Showing posts from July, 2016

Kafka, Samza, and the Unix Philosophy of Distributed Data

This paper is very related to the "Realtime Data Processing at Facebook" paper I reviewed in my previous post. As I mentioned there Kafka does basically the same thing as Facebook's Scribe, and Samza is a stream processing system on Kafka. This paper is very easy to read. It is delightful in its simplicity. It summarizes the design of Apache Kafka and Apache Samza and compares their design principles to the design philosophy of Unix, in particular, Unix pipes. Who says plumbing can't be sexy? (Seriously, don't Google this.) So without further ado, I present to you Mike Rowe of distributed systems. Motivation/Applications I had talked about the motivation and applications of stream processing in the Facebook post. The application domain is basically building web services that adapt to your behaviour and personalize on the fly, including Facebook, Quora, Linkedin, Twitter, Youtube, Amazon, etc. These webservices take in your most recent actions (likes, cli

Realtime Data Processing at Facebook

Recently there has been a lot of development in realtime data processing systems, including Twitter's Storm and Heron, Google's Millwheel, and LinkedIn's Samza. This paper presents Facebook's Realtime data processing system architecture and its Puma, Swift, and Stylus stream processing systems. The paper is titled "Realtime Data Processing at Facebook" and it appeared at Sigmod'16, June 26-July 1. Motivation and applications Facebook runs hundreds of realtime data pipelines in productions. As a motivation of the realtime data processing system the paper gives Chorus as an example. The Chorus data pipeline transforms a stream of individual Facebook posts into aggregated, anonymized, and annotated visual summaries. E.g., what are the top 5 topics being discussed for the election today? What are the demographic breakdowns (age, gender, country) of World Cup fans? Another big application is the mobile analytics pipelines that provide realtime feedback fo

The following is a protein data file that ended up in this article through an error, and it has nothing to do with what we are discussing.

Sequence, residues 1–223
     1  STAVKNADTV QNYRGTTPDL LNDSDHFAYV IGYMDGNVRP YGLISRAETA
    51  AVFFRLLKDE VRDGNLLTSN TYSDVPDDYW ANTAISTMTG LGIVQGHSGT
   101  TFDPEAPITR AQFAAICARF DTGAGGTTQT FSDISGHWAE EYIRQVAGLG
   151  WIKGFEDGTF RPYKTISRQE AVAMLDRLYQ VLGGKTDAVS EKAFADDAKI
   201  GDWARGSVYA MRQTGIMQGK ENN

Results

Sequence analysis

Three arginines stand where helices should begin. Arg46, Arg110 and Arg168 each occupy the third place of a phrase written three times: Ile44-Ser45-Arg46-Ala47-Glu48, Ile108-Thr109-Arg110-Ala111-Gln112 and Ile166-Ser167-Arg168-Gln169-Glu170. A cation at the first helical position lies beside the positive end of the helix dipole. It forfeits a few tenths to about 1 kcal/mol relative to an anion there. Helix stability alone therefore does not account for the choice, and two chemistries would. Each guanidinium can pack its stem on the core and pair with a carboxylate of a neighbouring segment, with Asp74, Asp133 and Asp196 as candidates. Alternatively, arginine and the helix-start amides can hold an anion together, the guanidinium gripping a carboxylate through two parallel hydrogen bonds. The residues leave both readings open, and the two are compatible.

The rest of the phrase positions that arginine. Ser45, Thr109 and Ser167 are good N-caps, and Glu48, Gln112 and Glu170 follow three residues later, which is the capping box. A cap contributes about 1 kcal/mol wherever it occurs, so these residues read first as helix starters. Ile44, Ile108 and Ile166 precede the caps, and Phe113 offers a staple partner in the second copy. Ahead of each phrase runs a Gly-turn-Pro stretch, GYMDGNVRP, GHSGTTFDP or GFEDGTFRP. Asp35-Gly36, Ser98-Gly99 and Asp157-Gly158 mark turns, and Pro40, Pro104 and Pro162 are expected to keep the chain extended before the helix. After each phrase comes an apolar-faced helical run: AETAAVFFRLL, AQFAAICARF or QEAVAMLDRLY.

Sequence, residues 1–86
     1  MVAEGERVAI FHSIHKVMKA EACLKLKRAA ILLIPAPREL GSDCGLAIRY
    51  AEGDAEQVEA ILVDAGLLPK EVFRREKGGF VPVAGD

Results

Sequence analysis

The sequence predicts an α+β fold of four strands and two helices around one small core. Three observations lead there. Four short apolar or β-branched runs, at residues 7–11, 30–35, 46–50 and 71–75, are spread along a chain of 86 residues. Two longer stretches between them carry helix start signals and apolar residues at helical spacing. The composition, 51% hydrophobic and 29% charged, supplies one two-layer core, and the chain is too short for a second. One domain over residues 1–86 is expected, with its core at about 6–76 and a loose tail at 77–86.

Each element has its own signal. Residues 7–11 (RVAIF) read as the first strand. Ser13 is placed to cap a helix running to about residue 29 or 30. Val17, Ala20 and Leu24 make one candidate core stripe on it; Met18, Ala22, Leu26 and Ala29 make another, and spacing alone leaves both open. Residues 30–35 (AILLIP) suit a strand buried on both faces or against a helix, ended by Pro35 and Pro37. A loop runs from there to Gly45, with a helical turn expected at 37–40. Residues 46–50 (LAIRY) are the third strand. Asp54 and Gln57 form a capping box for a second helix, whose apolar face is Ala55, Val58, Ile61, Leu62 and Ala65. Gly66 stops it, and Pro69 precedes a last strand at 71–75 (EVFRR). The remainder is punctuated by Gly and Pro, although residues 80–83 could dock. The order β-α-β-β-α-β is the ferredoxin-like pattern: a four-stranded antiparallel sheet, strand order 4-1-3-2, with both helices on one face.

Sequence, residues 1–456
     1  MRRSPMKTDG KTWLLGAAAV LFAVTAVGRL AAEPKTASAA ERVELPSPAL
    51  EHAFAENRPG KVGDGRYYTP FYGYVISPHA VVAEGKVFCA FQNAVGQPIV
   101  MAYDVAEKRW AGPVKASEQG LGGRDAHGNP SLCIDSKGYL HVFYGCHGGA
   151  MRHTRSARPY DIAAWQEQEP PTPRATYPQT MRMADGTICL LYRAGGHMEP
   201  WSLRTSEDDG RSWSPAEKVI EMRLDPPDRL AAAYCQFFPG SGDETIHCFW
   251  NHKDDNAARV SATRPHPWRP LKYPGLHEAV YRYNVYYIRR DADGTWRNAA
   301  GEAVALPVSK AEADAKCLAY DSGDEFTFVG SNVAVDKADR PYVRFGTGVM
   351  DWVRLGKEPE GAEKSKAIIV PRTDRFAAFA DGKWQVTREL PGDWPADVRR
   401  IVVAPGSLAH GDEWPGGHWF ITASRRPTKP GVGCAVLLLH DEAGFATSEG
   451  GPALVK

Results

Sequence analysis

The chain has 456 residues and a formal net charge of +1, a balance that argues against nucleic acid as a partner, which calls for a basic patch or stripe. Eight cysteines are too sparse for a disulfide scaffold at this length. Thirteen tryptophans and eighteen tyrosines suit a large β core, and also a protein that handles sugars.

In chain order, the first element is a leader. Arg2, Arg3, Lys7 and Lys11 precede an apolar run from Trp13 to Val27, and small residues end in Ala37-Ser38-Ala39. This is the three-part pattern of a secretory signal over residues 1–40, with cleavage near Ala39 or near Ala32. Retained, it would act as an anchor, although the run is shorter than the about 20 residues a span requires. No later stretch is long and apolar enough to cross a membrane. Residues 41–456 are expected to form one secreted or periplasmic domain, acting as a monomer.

Efficient Replication of Large Data Objects

This paper appeared in DISC 2003 , and describes an application of the ABD replicated atomic storage algorithm  for replication of large objects. When objects being replicated is much larger than the size of the metadata (such as tags or pointers), it is efficient to tradeoff performing cheaper operations on the metadata in order to avoid expensive operations on the data itself. The basic idea of the algorithm is to separately store copies of the data objects in replica servers , and information about where the most up-to-date copies are located in directory servers . This Layered Data Replication (LDR) approach adopts the ABD algorithm for atomic fault-tolerant replication of the metadata, and prescribes how the replication of the data objects in the replica servers can accompany replication of the metadata in directory servers in a concurrent and consistent fashion: In order to read the data, a client first reads the directories to find the set of up-to-date replicas, then reads

Replex: A Scalable, Highly Available Multi-Index Data Store

This paper received the best paper award at Usenix ATC'16 last week. It considers a timely important problem. With NoSQL databases, we got scalability, availability, and performance, but we lost secondary keys.  How do we put back the secondary indices, without compromising scalability, availability, and performance. The paper mentions that previous work on Hyperdex  did a good job of re-introducing secondary keys to NoSQL , but with overhead: Hyperdex generates and partitions an additional copy of the datastore for each key. This introduces overhead for both storage and performance: supporting just one secondary key doubles storage requirements and write latencies. Replex adds secondary keys to NoSQL databases without that overhead. The key insight of Replex is to combine the need to replicate for fault-tolerance and the need to replicate for index availability. After replication, Replex has both replicated and indexed a row, so there is no need for explicit indexing. How

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